I once thought it was the separation
of distance that magnifies
this richness I find in family.
Now I understand it is age,
with reflections on the past
replaced by a wistfulness
for future lives I will never know,
as they continue without me.
This is my response for Quadrille #80 – Eat the Rich, the prompt from Kim at dVerse, which is to use the word rich in a 44-word poem that does not require meter or rhyme.
I see it daily, that rent along a cedar branch waiting to fall forty feet to the ground. Months have passed since a heavy snow tore the limb from its roots, a cardinal that frequents it a reminder that life goes on. There it hangs, framed in a pane above my laptop, waiting for me to write something, like tearing down the ghost of a memory of nothing good, long out of sight and begging to just let it die.
releasing the past
resolutely moving on
without looking back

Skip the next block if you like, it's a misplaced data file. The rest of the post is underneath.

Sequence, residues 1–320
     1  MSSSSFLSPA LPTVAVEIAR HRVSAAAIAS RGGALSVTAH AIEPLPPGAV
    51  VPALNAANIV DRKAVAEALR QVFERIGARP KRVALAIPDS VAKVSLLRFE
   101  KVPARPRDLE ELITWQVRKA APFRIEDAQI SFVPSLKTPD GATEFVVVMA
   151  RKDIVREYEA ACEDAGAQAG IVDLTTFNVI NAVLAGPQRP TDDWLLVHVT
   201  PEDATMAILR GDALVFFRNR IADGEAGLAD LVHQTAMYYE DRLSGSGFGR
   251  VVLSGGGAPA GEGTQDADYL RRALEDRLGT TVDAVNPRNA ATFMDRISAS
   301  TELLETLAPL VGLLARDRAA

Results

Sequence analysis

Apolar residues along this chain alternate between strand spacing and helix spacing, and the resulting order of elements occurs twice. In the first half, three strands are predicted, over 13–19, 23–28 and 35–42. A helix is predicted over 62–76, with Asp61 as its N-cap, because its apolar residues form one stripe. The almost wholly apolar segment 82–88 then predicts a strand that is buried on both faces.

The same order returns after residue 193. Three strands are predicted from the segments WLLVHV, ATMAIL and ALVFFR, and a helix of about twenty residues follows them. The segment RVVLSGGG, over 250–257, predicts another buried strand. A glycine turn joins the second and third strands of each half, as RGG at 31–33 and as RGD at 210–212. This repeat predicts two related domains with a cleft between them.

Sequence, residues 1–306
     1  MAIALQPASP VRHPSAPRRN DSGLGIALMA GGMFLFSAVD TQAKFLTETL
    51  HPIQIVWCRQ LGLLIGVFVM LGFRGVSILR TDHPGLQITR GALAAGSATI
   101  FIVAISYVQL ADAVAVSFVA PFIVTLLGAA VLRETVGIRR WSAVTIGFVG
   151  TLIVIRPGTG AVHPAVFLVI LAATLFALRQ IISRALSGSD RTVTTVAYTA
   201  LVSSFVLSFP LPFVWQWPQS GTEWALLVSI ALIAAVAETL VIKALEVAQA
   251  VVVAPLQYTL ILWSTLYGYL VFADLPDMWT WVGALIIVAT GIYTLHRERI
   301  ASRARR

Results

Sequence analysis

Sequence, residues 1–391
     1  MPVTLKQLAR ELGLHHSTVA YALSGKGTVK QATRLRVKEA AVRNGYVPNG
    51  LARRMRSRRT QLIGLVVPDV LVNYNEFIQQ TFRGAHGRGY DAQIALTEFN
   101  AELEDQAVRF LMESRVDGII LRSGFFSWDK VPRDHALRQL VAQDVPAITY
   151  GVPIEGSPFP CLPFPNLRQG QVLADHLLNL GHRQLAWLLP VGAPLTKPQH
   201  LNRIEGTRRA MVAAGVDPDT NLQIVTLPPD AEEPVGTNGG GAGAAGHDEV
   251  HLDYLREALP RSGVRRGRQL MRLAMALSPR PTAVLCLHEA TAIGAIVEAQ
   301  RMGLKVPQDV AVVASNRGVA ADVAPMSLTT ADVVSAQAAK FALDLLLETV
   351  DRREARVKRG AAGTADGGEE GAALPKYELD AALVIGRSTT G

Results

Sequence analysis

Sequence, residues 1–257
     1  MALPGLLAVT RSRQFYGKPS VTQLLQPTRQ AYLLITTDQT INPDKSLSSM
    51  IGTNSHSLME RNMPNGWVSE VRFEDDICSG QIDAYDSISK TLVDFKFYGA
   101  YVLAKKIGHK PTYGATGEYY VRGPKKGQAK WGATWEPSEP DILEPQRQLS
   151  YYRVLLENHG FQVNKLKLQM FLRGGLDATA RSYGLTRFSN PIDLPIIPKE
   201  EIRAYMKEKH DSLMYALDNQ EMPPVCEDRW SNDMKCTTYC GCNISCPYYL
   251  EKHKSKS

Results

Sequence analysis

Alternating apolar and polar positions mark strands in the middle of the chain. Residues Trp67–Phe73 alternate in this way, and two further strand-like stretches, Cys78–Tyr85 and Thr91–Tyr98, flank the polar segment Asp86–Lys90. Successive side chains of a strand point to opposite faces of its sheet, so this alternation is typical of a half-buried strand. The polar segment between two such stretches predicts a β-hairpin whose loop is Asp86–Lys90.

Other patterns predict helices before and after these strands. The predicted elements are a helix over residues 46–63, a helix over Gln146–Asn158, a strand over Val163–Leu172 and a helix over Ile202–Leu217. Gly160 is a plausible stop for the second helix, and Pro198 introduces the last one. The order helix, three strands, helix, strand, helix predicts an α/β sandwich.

(Isn’t that an odd word for the solution
that ended our original solution
of lifelong companionship?)
I found a box of papers
I had not troubled to sort.
Nothing of consequence in a summons for jury duty.
Nothing of importance in a nine-year old tax return.
Nothing of significance in a lab report.
Nothing done in a To Do list.
Nothing of merit in a receipt for an oil and lube.
Nothing to write home about in a love poem.
Nothing left to buy in a grocery list.
Nothing of good taste in an ad for home décor.
Nothing of value in a quit claim deed.
Nothing to our credit in a bank statement.
Nothing about a bad connection in a cable bill.
Nothing to show for an expired warranty.
Nothing in the eyes of two people posing
for a vacation photo that hinted at the final solution.
Nothing that lasts forever.
And mine was adrift.
Nearly deflated, its only strength
the loving tendrils of hearts
venturing on their own,
where does a heart go,
where does it look
when it has been untethered?
Did I know that I would see
another heart as adrift as mine,
or that mine would be seen as well?
Who could know these hearts
would find happiness and be joined?
This heart still feels the loving touch
of those distant tendrils,
yet finds love in its new home.
This is my response to the NaPoWriMo.net Day 11 prompt, which is to write a poem of origin. And having come from there, where are we now? … My children are always central to me, but when I found myself recently-single, and they on their own, my heart knew what it wanted. That meant a long distance move, but we are always in touch, and my heart is happy.